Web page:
13. ^ "California Institute of Technology Sixtieth Annual Commencement Exercises (Program)" (PDF). Caltech Camps Publications. June 11, 1954. Retrieved March 29, 2013.
  14. ^ Moore, Gordon E. (Summer 1994). "The Accidental Entrepreneur" (PDF). Engineering & Science. pp. 23–30. Retrieved January 8, 2015.
  15. ^ a b Brock, David C., ed. (2006). Understanding Moore's law : four decades of innovation. Philadelphia, Pa: Chemical Heritage Press. ISBN 978-0941901413.
  16. ^ Gordon E. Moore (1995). "Lithography and the future of Moore's law" (PDF). SPIE. Retrieved January 2, 2015.
  17. ^ Tuomi, I. (2002). "The Lives and Death of Moore's Law". First Monday. 7 (11). doi:10.5210/fm.v7i11.1000.
  18. ^ "Intel Corporation". Encyclopædia Britannica. Retrieved November 26, 2008.
  19. ^ a b Yeh, Raymond T.; Yeh, Stephanie H. (2004). "Intel: Leaping into the future with Moore's law". The art of business : in the footsteps of giants. Olathe, CO: Zero Time Pub. pp. 77–89. ISBN 978-0975427712. Retrieved January 8, 2015.
  20. ^ "2004 History Maker - Gordon Moore". History Makers. San Mateo County History Museum. Archived from the original on January 14, 2015. Retrieved January 8, 2015.
  21. ^ Rogoway, Mike (April 11, 2022). "Intel renames main Oregon site for founder Gordon Moore, opens $3 billion Hillsboro expansion". Oregon Live. The Oregonian. Retrieved April 11, 2022.{{cite web}}: CS1 maint: url-status (link)
  22. ^ a b c d "2009 Carnegie Medal of Philanthropy Awarded to Michael R. Bloomberg, The Koç Family, Gordon & Betty Moore and Sanford & Joan Weill". Carnegie Corporation of New York. October 7, 2009. Archived from the original on February 12, 2015. Retrieved January 8, 2015.
  23. ^ "Gordon and Betty Moore Foundation: Grants for Conservation". Inside Philanthropy. Retrieved January 8, 2015.
  24. ^ "Intel's Gordon Moore and CI's Claude Gascon To Receive Major Award". Conservation International. April 19, 2002. Retrieved January 8, 2015.
  25. ^ "Sally Ride, David Lee Named Caltech Trustees, Ben Rosen Named Trustee Chair". Caltech. December 4, 2000. Retrieved December 10, 2013.
  26. ^ "Technology Pioneer Gordon Moore is Caltech Commencement Speaker". Caltech. May 3, 2001. Retrieved December 10, 2013.
  27. ^ "Trustee List". Caltech. Archived from the original on March 28, 2016. Retrieved December 10, 2013.
  28. ^ "Intel Founder Gives $600 Million to Caltech". New York Times. October 28, 2001. Retrieved December 10, 2013.
  29. ^ Tytell, David (August 22, 2007). "Thirty Meter Telescope Moves Forward". Sky & Telescope. Retrieved January 8, 2015.
  30. ^ a b c "Grants Search".
  31. ^ "Berkeley Gets Millions From Intel Head". sfgate.com. January 20, 1996.
  32. ^ "Annual Report on University Private Support" (PDF). University of California.
  33. ^ "Betty Irene Moore Nursing Initiative". Gordon and Betty Moore Foundation. Archived from the original on December 24, 2014. Retrieved January 8, 2015.
  34. ^ "Gordon and Betty Moore Foundation Funds Programs to Address Nursing Crisis". UCSF Campaign Insider. University of California San Francisco. 2007. Archived from the original on March 4, 2016. Retrieved January 8, 2015.
  35. ^ "National Academy of Engineering Members". Caltech. Retrieved January 8, 2015.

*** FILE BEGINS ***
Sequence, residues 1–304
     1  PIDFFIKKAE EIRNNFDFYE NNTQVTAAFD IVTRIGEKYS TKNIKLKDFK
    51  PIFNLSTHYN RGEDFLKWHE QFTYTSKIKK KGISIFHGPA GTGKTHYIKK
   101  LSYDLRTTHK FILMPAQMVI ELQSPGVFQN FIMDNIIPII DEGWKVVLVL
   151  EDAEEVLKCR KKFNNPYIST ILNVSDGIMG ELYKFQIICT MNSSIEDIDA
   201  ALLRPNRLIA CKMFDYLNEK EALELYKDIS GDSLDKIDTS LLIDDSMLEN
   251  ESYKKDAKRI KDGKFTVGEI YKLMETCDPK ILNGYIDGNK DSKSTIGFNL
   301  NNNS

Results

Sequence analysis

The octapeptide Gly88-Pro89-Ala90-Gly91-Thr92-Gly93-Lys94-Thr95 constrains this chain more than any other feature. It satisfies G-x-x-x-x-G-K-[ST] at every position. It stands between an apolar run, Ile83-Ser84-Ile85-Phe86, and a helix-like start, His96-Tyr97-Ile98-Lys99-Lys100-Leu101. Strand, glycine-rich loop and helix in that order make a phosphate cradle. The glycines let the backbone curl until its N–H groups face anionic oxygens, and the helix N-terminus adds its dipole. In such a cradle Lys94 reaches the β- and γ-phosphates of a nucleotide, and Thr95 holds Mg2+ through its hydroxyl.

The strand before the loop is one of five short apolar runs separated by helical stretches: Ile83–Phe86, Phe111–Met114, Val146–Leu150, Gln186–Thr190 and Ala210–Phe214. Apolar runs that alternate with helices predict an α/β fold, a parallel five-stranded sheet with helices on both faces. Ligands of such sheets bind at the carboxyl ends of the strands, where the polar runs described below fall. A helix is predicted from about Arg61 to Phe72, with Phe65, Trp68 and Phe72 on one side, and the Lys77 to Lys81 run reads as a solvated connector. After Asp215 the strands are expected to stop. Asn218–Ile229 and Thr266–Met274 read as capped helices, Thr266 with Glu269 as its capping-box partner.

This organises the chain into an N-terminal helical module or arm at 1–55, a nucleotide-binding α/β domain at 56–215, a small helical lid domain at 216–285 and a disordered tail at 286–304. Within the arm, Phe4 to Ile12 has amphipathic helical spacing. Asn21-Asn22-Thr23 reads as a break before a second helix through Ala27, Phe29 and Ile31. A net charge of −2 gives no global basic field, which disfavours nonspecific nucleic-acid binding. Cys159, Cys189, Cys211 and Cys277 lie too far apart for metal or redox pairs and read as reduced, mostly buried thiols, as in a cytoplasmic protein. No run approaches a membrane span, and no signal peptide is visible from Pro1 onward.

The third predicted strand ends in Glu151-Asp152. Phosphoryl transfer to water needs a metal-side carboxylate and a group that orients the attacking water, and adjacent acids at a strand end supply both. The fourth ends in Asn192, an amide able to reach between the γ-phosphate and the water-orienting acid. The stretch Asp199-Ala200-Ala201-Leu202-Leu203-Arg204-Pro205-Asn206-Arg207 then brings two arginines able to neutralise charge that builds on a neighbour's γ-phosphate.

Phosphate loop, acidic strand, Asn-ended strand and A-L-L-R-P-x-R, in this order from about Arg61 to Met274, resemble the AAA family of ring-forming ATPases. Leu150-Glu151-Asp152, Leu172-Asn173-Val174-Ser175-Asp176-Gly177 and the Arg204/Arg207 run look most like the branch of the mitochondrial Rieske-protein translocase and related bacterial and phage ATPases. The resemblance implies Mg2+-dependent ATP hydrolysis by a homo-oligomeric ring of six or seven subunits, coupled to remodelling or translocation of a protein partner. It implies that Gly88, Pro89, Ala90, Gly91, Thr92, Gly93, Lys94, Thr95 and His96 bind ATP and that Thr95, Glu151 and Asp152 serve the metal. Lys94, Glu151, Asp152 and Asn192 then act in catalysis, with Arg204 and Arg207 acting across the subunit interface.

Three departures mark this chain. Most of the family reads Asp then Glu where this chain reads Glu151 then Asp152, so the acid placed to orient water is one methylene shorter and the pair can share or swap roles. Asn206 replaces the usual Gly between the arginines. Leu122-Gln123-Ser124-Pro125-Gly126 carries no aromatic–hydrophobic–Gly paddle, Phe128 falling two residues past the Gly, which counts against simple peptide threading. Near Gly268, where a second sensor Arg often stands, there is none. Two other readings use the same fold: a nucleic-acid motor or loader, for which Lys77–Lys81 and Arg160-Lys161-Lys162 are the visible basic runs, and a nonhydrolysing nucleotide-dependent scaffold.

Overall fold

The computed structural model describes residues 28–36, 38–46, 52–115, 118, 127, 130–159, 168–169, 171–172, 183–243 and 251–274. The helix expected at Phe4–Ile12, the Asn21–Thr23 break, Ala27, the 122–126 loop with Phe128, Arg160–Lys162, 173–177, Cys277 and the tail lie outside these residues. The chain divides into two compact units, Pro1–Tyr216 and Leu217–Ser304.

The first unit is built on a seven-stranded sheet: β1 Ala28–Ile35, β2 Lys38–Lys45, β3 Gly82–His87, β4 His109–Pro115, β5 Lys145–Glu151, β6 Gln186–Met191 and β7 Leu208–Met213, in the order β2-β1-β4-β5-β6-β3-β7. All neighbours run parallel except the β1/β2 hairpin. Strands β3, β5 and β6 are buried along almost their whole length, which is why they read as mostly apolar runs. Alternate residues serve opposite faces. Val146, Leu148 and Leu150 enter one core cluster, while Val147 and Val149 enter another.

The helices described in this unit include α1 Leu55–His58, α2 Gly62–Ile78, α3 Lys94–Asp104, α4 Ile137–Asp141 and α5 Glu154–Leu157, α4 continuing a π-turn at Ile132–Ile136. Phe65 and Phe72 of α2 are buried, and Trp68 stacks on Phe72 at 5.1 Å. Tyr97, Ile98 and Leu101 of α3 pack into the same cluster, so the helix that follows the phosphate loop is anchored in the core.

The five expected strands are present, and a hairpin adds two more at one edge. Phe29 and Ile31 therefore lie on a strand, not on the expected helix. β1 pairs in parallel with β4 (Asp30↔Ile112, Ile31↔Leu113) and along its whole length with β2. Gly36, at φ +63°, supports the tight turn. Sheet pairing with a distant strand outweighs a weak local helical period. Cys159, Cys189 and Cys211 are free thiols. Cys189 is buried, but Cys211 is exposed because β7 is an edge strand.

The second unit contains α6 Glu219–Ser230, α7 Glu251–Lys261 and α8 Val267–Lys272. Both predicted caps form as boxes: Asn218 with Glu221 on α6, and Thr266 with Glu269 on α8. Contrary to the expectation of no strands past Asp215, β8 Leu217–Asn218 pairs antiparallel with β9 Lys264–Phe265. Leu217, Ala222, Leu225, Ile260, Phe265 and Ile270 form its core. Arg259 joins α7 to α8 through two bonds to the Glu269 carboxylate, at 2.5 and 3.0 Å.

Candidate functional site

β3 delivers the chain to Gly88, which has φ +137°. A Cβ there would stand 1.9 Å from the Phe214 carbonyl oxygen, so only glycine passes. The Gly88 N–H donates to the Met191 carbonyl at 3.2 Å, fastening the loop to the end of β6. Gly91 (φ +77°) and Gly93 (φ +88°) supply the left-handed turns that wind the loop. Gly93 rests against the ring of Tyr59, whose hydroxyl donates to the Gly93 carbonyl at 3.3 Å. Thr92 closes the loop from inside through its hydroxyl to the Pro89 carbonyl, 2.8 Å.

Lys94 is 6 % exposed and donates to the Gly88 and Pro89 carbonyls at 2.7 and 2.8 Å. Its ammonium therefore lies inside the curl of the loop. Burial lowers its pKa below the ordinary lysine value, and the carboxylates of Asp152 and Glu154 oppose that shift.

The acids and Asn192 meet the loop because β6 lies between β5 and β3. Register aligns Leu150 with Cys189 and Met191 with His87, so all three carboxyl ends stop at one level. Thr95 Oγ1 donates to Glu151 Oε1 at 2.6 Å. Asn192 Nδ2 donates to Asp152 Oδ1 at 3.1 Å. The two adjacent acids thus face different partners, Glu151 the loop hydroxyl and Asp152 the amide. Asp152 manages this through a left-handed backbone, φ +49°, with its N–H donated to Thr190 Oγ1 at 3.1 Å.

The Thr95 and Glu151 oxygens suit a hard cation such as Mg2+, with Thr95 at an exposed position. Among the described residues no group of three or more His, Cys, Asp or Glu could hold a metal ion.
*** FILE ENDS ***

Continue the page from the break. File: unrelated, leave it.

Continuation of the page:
36. ^ "The National Medal of Technology and Innovation 1990 Laureates". USPTO.gov. The United States Patent and Trademark Office. Retrieved January 8, 2015.
  37. ^ CHM. "Gordon Moore — CHM Fellow Award Winner". Archived from the original on April 2, 2015. Retrieved March 30, 2015."Archived copy". Archived from the original on January 8, 2015. Retrieved January 8, 2015.{{cite web}}: CS1 maint: archived copy as title (link)
  38. ^ Voith, Melody; Reisch, Marc (May 14, 2001). "Gordon Moore Awarded the Othmer Gold Medal". Chemical & Engineering News. 79 (20): 62. doi:10.1021/cen-v079n020.p062.
  39. ^ "Othmer Gold Medal". Science History Institute. May 31, 2016. Retrieved February 19, 2018.
  40. ^ "SIA Congratulates Intel's Gordon Moore for Receiving Presidential Medal of Freedom". SIA News. Semiconductor Industry Association. June 24, 2002. Retrieved January 8, 2015.
  41. ^ "APS Member History". search.amphilsoc.org. Retrieved June 8, 2021.
  42. ^ "IEEE - IEEE Medals, Technical Field Awards, and Recognitions – IEEE Medal of Honor Recipients". ieee.org. Retrieved June 2, 2017.
  43. ^ "Gordon E. Moore". Dan David Prize. Retrieved August 18, 2014.
  44. ^ "The Betty & Gordon Moore Library". lib.cam.ac.uk. Archived from the original on January 23, 2012. Retrieved June 2, 2017.
  45. ^ "ECS Society Awards". The Electrochemical Society. Archived from the original on July 21, 2015. Retrieved October 1, 2014.
  46. ^ "Gordon E. Moore Medal". Society of Chemical Industry (SCI America). Retrieved February 4, 2015.
  47. ^ "SCI Gordon E. Moore Medal". Science History Institute. May 31, 2016.
  48. ^ "UCSF Medal". Office of the Chancellor. Retrieved July 1, 2020.
  49. ^ Dennis, Michael Aaron (November 27, 2019). "Gordon Moore". Encyclopedia Britannica.
  50. ^ "Charlie Rose, November 14, 2005". charlierose.com. Archived from the original on August 2, 2010. Retrieved June 2, 2017.
  51. ^ Rothberg, J. M.; Hinz, W.; Rearick, T. M.; Schultz, J.; Mileski, W.; Davey, M.; Leamon, J. H.; Johnson, K.; Milgrew, M. J.; Edwards, M.; Hoon, J.; Simons, J. F.; Marran, D.; Myers, J. W.; Davidson, J. F.; Branting, A.; Nobile, J. R.; Puc, B. P.; Light, D.; Clark, T. A.; Huber, M.; Branciforte, J. T.; Stoner, I. B.; Cawley, S. E.; Lyons, M.; Fu, Y.; Homer, N.; Sedova, M.; Miao, X.; Reed, B. (2011). "An integrated semiconductor device enabling non-optical genome sequencing". Nature. 475 (7356): 348–352. doi:10.1038/nature10242. PMID 21776081.

External links[edit]

Business positions
Preceded by CEO, Intel
Succeeded by